Jul. 19, 2016

Diamond In The Rough

What do you do with yourself when you're retired, you've been messing around in your spare time with that electronic keyboard or organ you have at home that's been gathering dust for years, and you've suddenly discovered, to your great surprise and amazement if not outright shock, that you've got some modicum of ability with it ... that you can actually PLAY something on it ... that it's beginning to develop into a hobby ...
There are a few people out there who've always envisioned themselves musically, and wrongly, as some old, beat up car with dented quarter panels and faded paint riding on bald tires ... because they think they don't have a musical bone in their body.
What many of them don't realize, and what they've never realized or understood, is that a car like that can be rare and precious, a diamond in the rough, that it can still be running good today, and that it can be reconditioned to look even classier and run just as good as, if not better than, the majority of anything they'd find on the road [See blog, Before And After].
There are all kinds of rare uncut diamonds in the earth of different sizes, colors, and clarities (photo), just like there's all kinds of vehicles on the musical road these days of all ages and descriptions; they all have their functions, and they all have their value.
You would refine and polish one of these rough diamonds just as you would recondition an old car like that, in the following manner:
1. Firstly, wash it, wax it, and clean the wheels and tires. Clean the inside, trunk, and under the hood. Rinse away with the dirty soap and water whatever negativity about it life may have dealt you so far. Get to where you can see more clearly the value of what God has put inside you. Tell yourself you're going to have a new adventure. Discard any previous failures, large or small, with the vacuum bag. That experience you may have had early in life that ruined you on music should be scrubbed and left to circle the drain.
2. Secondly, if your headlight covers have dimmed, get a brightener (from any parts store) and fix them. Have your eyes checked. Be able to see clearly not only the printed page but where you're wanting to go with your music making.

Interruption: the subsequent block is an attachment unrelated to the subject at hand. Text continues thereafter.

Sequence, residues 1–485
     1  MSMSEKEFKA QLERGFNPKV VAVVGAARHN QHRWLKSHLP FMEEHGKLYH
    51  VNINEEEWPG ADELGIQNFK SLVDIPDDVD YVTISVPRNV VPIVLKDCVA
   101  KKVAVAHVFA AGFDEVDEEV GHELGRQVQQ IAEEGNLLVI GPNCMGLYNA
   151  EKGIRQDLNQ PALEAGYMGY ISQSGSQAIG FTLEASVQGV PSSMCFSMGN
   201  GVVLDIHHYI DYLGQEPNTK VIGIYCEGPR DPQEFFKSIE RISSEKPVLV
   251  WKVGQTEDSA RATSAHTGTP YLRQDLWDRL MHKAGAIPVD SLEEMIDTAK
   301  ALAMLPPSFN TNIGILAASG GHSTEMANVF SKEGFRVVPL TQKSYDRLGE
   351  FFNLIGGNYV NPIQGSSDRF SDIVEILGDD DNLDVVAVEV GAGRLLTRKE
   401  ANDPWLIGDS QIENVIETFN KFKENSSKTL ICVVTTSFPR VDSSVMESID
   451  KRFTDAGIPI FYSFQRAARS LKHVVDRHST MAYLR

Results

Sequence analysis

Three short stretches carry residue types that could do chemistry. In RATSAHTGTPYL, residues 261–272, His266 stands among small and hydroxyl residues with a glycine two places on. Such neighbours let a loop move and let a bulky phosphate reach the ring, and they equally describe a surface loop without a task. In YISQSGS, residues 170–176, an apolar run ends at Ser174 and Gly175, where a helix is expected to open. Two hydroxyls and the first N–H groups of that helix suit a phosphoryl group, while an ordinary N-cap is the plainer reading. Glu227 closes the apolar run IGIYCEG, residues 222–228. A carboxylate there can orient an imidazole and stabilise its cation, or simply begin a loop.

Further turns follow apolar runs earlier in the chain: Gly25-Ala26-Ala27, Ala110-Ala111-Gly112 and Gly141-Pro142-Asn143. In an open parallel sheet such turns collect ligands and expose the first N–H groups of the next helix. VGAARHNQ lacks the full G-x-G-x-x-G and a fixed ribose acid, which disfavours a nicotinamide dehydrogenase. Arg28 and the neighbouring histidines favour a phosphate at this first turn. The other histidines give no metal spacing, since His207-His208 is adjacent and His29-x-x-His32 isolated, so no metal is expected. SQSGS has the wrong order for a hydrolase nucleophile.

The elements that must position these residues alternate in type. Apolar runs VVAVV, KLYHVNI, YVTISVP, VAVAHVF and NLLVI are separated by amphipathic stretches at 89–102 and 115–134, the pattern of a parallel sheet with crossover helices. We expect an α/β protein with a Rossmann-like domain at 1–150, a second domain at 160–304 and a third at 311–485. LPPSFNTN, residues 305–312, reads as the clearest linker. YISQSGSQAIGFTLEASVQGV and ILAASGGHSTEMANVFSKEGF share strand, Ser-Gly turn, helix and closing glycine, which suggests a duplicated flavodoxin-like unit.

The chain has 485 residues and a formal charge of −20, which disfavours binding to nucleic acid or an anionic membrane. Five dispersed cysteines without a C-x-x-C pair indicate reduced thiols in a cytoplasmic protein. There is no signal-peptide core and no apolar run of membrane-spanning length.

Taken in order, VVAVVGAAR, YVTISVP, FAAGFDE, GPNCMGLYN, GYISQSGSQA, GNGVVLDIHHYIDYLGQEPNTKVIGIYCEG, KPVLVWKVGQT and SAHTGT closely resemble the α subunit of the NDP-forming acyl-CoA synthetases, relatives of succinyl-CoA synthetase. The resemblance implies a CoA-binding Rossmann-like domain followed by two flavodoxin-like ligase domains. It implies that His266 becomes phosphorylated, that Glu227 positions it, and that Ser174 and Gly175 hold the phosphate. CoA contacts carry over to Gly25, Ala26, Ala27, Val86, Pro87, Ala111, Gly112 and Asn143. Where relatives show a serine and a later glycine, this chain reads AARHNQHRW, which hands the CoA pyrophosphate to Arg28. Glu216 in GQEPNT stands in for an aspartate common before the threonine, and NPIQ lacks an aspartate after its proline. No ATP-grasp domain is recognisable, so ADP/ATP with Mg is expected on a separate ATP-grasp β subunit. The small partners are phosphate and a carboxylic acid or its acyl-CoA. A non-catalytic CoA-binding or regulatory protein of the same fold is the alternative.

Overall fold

3. Next, change the oil and filter. Dispose of any defeatist attitude and whatever residue of doubt remains in your mind. Replace it with something better so that all the moving parts of your mind are free to work at their best. Remember what Henry Ford said: "Whether you think you can or you think you can't, most of the time you're probably right."
4. Make sure all fluid levels (radiator coolant, transmission fluid, windshield washer, etc.) are perfect. Fill your mind with confidence and positive thinking, right up to the line. Flood your mind with positives so you can handle the next round of negatives without running dry. Stay loaded for bear and realize that Resistance will do anything, try anything, to drain your juice and keep you off the road [See blog, The Lizard Brain, Parts I-VIII].
5. If the windshield is cracked call your insurance agent and get it fixed. Have a clear view of the musical road that's in front of you and what other people on that same road are doing around you. Talk to a teacher. A good teacher can help you get the big picture to help you see past and steer your way around any major bumps or holes in the road.
6. Make sure all warning lights (check engine, airbag, etc.) are off and repaired. Pay heed to what your body's telling you, and Identify any red flags. Take care of any loose ends with your physical condition, if you can, that might, if they were ignored, tend to get in your way.
7. Tires should have lots of life left. If not, buy some. Do what it takes to be mobile enough to take advantage of opportunities to grow in the musical direction that best suits you. Contact with other people who share your same interest is where the rubber meets the road. Join a local organ club. If there isn't one, start one.
8. Make the wheels look good. Buy matching hub caps or replacement wheels from a junk yard. Take pride in your music making. If it sounds nice, show it off. Play it for somebody. Have some fun with it. You could maybe even look around for some other equipment (keyboard amp, power mixer, etc.) to connect with your own instrument to spruce up the sound.
9. Have your local paintless dent guy do his thing. Little things can add up, so, pay attention to the small stuff. Take a close look at your habits. Get some help to fix them, if they need it. Find a role model, somebody you want to be like, who might coach you with the little things.